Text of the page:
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Excel includes a number of very useful tools you can use to ensure your formulas use the proper values. One of those tools gives you the ability to determine which cells are used in which worksheet formulas. Cells can play two roles in a formula: as a precedent or as a dependent. Displaying a cell's precedents indicates which other cells provide that formula's input. So let's say, for example, we have the formula here in cell D3. If I want to see which other cells provide this formula its values, other than looking on the formula bar, I can go up to the Formulas tab and then click Trace Precedents.
When I do, Excel outlines the cells that provide the values to the formula in cell D3. You can see that you have the anchor, or the circle, and then the arrow pointing to the cell. You can remove an arrow by clicking the Remove Arrows button, and that is right here on the Formulas tab, in the Audit Formulas group. So, I'll do that, and the arrow goes way. You can display a cell's dependents to show which other cells use the selected cell's value as an input in their own formulas.
So let's stick with cell D3, and if I want to see which other cells use its value, I can click, again, on the Formula tab, Trace Dependents. So there are two other formulas on this worksheet that use the value in cell D3, and that's those two here. Tracer arrows make it easy to identify where values are taken from, and they can even indicate values in other worksheets or other workbooks. So let me just remove these arrows here. Now you might wonder exactly from where I'm calculating the cost to replace a 10% loss of customers.
So let's take a look at the formula. I'll click the cell, and you see that I have the value in D3, right, multiplied by .01. That's correct. I'm calculating 10% of the total visitors, and then I'm multiplying it by this other value, sheet2, cell B1. So I want to find the cells that are used in that formula, so I will click Trace Precedents. So I get cell D3, which I saw earlier, and I also get this other line, this black line with a worksheet icon on it.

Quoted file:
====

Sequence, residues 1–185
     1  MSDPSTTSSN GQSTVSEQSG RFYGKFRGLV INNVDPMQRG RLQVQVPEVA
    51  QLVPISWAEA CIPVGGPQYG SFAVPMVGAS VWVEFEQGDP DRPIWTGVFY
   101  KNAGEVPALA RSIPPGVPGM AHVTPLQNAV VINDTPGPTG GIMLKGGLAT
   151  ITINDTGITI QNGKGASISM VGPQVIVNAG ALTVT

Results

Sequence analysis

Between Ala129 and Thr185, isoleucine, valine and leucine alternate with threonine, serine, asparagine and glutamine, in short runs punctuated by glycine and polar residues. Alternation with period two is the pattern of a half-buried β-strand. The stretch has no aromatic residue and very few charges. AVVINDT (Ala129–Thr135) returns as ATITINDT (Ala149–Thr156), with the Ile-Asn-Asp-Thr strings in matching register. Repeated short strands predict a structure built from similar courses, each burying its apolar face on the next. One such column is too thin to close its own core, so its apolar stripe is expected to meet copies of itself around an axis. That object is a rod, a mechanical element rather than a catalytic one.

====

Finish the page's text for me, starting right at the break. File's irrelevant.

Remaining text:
If I want to go to that, and in other words, if I want to see it, I can click the line, move my mouse pointer over it until it changes into a pointing arrow, double-click the line, and now the Go to dialog box appears. I can click the Reference. In this case, it's on sheet2, cell B1, and click OK. When I do, Excel takes me there. So it looks like my marketing department has determined that it costs $47.00 to acquire a new visitor. With that information, I understand more about the formula and how it calculated its value.
I can switch back to sheet1, and if I want, I can remove the arrows. One thing I should point out: if you want to remove precedents or dependent arrows, but you don't want to remove both, then instead of clicking Remove Arrows on the main body of the button, you can click the down arrow, and you can either remove all arrows, remove just the precedent arrows, or just the dependent arrows. In this case, I want to get rid of all of them, so I'll just click Remove Arrows. Identifying a cell's precedents and dependents will help you discover and correct many formula inaccuracies.
They can also help you understand the logic behind a formula you're seeing for the very first time.
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